American consumers like the immersive feeling of watch 3-D television, but are put off by having to wear special glasses because they restrict multi-tasking at home, according to a U.S. report on attitudes to the next big thing in television. But some 89 percent of those questioned for the "Focusing on the 3DTV Experience" report felt the special glasses would constrain other activities they usually do while watching TV. More than half said the glasses were a "hassle" and 57 percent said they were "not likely" to buy a 3D TV set for that reason, the survey found. The 425 randomly selected participants had watched 30 minutes of 3D television programing in a home viewing environment. Although 57 percent of viewers agreed that watching 3D television made them feel they were part of the action, 77 percent said they thought the technology was best suited for special events like sports or movies, rather than everyday viewing. "In fact, purchase interest for a 3DTV set among those planning to buy a new TV in the next 12 months decreased after seeing a demonstration of the technology, experiencing the glasses and learning more about product costs," Stagliano said.
The Boxee Box by D-Link, Now With Intel(R) Atom(TM) Processor Inside instead of NVIDIA's Tegra 2 - Pre Sales open today MSRP $199
Today at the Intel Developer Forum (IDF), D-Link and Boxee announced that the upcoming Boxee Box by D-Link now will be powered by the Intel® Atom™ processor CE4100. "This represents long overdue innovation to the entertainment experience that D-Link will help consumers quickly deploy through their home network. These exciting new capabilities align closely with Intel's commitment to improving how people access and enjoy digital content on their TV," said Lou Reda, Vice President and General Manager, Consumer Division, D-Link. "We are leading a revolution that will offer tremendous new possibilities in the home." Pre-Sales opened today and units will begin shipping in November 2010 in the US, Canada, EU and Australia. MSRP is rumored at $199
Attending CEDIA? Make sure to download the "Follow Me Mobile Phone App" to help you navigate the show floor.
For iPhone, iPod Touch or iPad users: From your phone go to the iTunes App Store and search for "CEDIA" to find "CEDIA EXPO 2010" and click on the "free" button to take you to the install screen. Then download the CEDIA EXPO 2010 Mobile App as you would any iPhone application. If you are syncing your iPhone, iPod Touch or iPad from your PC, go to http://bit.ly/CEDIAEXPO2010 for download. For all other types of web-enabled phones: Point your mobile phone's web browser to m.core-apps.com/cedia2010 [Note: when you point your "all other" web-enabled phone browser to this web-based mobile site, it will let you choose your phone type for proper download]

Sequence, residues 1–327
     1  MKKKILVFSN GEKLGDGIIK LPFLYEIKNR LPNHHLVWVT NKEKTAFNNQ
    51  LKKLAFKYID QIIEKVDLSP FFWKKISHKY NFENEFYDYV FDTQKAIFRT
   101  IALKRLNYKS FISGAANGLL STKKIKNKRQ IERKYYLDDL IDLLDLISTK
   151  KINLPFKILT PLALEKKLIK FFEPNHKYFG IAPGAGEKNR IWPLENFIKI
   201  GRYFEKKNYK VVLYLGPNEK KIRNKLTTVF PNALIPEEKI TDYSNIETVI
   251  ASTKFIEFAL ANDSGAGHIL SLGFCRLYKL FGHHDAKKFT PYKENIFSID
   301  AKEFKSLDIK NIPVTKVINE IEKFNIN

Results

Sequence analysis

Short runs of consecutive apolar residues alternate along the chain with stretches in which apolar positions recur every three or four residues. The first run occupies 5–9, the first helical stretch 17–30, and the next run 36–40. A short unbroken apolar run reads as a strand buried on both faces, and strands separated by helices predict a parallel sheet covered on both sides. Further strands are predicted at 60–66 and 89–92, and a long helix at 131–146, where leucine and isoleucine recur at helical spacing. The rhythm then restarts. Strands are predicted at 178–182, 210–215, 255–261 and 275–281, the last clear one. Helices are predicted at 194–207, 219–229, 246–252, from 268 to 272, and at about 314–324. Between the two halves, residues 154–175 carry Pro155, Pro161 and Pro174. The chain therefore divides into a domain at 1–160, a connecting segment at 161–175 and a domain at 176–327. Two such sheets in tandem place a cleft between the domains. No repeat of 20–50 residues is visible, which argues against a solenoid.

Boxee is going to switch its integrated web browser from Mozilla’s Gecko to Webkit with its next major update, according to Boxee Lead Apps Developer and Community Evangelist Rob Spectre. The switch is an attempt to make full use of HTML5 within Boxee, but it should also help with accessing a wider array of video content that’s not yet available through dedicated Boxee apps. Since its first release, Boxee has offered a web browser through its “Boxee Browser” application that enables users to navigate to any site on the web. However, the implementation has been little more than a stop-gap measure to offer access to sites like Hulu.com, which briefly blocked the ability to access its videos directly through Boxee in early 2009. The current browser is based on Mozilla’s Gecko layout engine, which is also used by Firefox. Its implementation is fairly buggy, and many sites don’t display correctly within Boxee.
Janko Roettgers at NewTeeVee today wrote: Boxee is going to switch its integrated web browser from Mozilla’s Gecko to Webkit with its next major update, I was told by Boxee Lead Apps Developer and Community Evangelist Rob Spectre. The switch is an attempt to make full use of HTML5 within Boxee, but it should also help with accessing a wider array of video content that’s not yet available through dedicated Boxee apps. Since its first release, Boxee has offered a web browser through its “Boxee Browser” application that enables users to navigate to any site on the web. However, the implementation has been little more than a stop-gap measure to offer access to sites like Hulu.com, which briefly blocked the ability to access its videos directly through Boxee in early 2009. The current browser is based on Mozilla’s Gecko layout engine, which is also used by Firefox. Its implementation is fairly buggy, and many sites don’t display correctly within Boxee.
Attending CEDIA? Make sure to download the "Follow Me Mobile Phone App" to help you navigate the show floor.